Circular Quay Heritage

“Heritage conservation seeks to sustain the values of heritage landscapes, places and objects, individually and collectively, so that the community and visitors can continue to appreciate, experience and learn from them and about them, and that they may be passed on to future generations.”  Source: NSW Heritage Branch, Department of Planning, Heritage Information Series, Heritage Interpretation Policy , August 2005.
Quay Quarter Sydney is constructed on a site that has a rich cultural history, and therefore we have a precinct wide heritage interpretation strategy and conservation management plan that celebrates several interesting themes.
The Natural Landscape
The site is located in Circular Quay and is in close proximity to Sydney Harbour and the Royal Botanic Gardens, giving us a natural landscape which is an important cross-cultural interpretive element with both Indigenous and Colonial Sydney themes.
Aboriginal Settlement (Pre 1788)
Here we have the opportunity to interpret the pre-1788 social, economic and ritual lives of the original Aboriginal owners.
Two Cultures Meet: 1788-1800
In this place, the first-recorded interactions between the traditional owners (the Gadigal people) and the European colonists took place.
Colonial Sydney/ the Governors Domain (1788-1850)
Quay Quarter Sydney is intrinsically linked to the early European history and the development of Sydney Cove, including the establishment of the First Government House and government gardens, early layout and division of land, formative road patterns and the reclamations and development of the semi-circular quay. The site also features the historic Bennelong Stormwater Channel No 29 which runs underground across both blocks of land.
Establishment of the trading port: The Wool Industry and Stores (1840-1900)
There are two historic commercial buildings undergoing refurbishment as part of Quay Quarter Sydney’s development, including the former Hinchcliff Wool Stores at 5-7 Young Street, the former Barker's Wool and Produce Stores at 12-14 Loftus Street (Gallipoli Memorial Club building).  This reminds us of Circular Quay as a 19th century shipping port, and the wool industry nationally.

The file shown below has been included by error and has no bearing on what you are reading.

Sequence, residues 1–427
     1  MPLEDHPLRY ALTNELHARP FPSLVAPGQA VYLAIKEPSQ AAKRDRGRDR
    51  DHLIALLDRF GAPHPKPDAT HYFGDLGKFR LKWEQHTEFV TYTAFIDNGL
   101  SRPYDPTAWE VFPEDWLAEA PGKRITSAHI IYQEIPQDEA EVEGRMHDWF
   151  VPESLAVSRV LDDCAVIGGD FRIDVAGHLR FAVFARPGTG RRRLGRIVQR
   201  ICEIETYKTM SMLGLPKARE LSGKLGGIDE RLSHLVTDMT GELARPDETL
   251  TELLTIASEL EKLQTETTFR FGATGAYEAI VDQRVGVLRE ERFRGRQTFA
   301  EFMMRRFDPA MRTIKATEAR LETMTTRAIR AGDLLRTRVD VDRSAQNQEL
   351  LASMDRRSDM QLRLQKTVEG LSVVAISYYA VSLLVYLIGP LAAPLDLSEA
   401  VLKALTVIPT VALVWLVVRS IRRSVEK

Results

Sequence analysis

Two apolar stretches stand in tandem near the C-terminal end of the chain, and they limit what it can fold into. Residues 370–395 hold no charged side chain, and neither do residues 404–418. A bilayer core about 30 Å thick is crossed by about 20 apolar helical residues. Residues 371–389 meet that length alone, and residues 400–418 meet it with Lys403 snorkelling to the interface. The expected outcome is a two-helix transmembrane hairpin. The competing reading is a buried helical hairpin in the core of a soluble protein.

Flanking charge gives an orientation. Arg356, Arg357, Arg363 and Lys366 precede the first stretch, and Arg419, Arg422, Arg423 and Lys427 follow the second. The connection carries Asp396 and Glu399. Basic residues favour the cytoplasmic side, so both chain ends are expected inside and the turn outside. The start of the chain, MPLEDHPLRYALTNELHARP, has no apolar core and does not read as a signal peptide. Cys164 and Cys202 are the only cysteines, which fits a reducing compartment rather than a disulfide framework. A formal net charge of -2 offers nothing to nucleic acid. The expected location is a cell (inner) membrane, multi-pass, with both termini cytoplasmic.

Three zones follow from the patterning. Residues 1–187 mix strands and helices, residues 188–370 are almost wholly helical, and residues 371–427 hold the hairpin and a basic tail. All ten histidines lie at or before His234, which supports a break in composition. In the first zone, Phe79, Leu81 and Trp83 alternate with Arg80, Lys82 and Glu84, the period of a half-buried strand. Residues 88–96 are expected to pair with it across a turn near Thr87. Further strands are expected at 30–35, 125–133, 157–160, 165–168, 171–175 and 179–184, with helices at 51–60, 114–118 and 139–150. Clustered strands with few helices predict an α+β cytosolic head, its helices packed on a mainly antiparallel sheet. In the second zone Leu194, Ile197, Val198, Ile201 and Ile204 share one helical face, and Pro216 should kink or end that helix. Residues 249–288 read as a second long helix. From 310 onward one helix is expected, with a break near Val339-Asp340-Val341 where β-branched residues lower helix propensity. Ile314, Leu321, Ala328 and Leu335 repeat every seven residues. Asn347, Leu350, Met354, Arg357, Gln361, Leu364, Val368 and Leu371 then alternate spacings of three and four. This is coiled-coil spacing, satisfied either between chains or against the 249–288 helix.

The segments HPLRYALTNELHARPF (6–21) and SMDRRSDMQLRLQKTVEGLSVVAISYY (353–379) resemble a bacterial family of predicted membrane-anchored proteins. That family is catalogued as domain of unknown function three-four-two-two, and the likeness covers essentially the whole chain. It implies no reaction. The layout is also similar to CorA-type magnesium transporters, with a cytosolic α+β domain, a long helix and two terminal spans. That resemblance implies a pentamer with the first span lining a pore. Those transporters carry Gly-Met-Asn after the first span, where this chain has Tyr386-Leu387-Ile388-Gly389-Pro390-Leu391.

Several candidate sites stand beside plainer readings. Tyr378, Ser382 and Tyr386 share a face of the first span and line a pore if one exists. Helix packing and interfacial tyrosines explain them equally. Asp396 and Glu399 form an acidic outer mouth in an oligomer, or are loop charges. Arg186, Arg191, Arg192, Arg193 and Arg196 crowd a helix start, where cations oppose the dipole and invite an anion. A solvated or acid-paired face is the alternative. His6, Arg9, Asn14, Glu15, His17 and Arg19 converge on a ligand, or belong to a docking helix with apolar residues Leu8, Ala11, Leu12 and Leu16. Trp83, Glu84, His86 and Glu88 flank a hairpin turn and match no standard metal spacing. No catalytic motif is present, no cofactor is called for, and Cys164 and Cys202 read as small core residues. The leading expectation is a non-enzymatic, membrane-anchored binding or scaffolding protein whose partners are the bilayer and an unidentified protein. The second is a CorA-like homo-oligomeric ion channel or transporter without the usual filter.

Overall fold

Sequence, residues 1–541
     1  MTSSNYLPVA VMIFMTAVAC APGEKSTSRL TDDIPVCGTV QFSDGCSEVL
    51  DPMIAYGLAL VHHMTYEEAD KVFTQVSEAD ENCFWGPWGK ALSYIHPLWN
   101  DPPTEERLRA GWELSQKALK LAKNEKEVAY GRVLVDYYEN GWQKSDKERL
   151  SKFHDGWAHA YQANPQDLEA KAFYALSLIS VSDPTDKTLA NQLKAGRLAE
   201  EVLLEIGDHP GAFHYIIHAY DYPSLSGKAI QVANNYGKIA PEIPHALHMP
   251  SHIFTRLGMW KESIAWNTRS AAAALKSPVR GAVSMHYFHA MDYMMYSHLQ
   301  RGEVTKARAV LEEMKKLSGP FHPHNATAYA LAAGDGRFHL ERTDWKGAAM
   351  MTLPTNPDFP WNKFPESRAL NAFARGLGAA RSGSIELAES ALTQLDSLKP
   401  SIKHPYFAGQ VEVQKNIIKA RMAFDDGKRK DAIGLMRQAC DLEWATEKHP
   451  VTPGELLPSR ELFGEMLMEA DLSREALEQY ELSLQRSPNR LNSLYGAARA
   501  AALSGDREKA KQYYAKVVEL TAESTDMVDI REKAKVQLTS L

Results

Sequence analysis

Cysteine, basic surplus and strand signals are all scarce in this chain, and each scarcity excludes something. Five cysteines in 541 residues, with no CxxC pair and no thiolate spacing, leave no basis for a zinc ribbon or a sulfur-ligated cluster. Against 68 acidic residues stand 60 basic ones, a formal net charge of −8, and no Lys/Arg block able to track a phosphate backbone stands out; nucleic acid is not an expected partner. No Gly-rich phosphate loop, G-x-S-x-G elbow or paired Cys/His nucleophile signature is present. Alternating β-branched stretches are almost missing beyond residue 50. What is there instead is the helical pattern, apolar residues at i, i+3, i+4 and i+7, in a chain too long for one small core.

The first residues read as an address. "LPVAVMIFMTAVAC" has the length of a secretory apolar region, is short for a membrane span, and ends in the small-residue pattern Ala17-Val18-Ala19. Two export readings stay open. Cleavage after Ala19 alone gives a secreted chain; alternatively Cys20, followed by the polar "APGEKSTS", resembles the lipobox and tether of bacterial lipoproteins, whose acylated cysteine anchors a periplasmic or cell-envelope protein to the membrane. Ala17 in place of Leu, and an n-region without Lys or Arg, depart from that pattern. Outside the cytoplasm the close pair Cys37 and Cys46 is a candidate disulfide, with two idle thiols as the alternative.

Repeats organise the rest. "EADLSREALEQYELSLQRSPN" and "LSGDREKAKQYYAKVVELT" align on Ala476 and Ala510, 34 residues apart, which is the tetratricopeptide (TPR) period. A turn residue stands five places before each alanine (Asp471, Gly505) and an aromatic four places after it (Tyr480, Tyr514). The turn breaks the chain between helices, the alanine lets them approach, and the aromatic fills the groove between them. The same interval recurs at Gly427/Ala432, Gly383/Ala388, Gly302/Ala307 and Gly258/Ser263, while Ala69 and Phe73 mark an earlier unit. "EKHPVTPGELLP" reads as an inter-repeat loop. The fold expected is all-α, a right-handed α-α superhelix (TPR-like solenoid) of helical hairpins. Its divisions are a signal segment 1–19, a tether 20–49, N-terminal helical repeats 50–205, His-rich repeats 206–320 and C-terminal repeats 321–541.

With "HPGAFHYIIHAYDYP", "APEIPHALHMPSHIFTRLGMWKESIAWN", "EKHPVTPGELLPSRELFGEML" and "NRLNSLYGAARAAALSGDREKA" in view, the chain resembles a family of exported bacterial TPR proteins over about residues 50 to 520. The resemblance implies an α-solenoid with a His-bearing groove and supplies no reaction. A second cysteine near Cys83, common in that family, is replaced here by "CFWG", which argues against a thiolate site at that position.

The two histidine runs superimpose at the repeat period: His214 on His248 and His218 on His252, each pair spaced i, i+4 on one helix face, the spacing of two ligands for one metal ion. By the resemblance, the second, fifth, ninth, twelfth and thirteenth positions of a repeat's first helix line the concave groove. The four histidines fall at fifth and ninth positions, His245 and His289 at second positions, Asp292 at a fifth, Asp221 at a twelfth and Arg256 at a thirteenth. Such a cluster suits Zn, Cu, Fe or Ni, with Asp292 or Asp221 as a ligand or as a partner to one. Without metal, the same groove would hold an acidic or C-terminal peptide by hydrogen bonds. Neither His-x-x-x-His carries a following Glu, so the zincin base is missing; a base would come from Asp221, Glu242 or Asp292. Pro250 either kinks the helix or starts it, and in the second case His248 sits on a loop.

The Australian Mutual Provident (AMP) Society in the Modern City
The AMP Building at 33 Alfred Street Sydney is historically and aesthetically significant as the first “skyscraper” in Sydney, a famous modernist building, and the tallest building in Sydney for six years.
When visitors to the new neighbourhood experience Quay Quarter, they will see beautiful heritage plaques showing some of the stories of European settlement.
Public art on the Quay Quarter Lanes site by Wiradjuri/Kamilaroi artist Jonathan Jones pays tribute to the life of Sydney aboriginal man, Arabanoo. Arabanoo is central to the story of the Aboriginal peoples’ first engagement with the newcomers, and this first contact took place on and around the Quay Quarter Lanes site. His name appears multiple times in the early chronicles of the colony in association with the site, and he is said to be buried close by. Jones will bring Arabanoo’s narrative to life through five artwork elements that will be embedded across the whole of the Quay Quarter Lanes.

First Government House

Quay Quarter is built on the site of the first Government House. Sydney, c.1807.

Hinchcliff House

Hinchcliff House has achieved State heritage significance as a rare example of a largely intact wool store of the mid-19th century. It is being restored as an exciting destination for dining.

The story of wool may be a time gone by, but Hinchcliff House survives to take its part in an entirely new story of a dynamic new urban neighbourhood.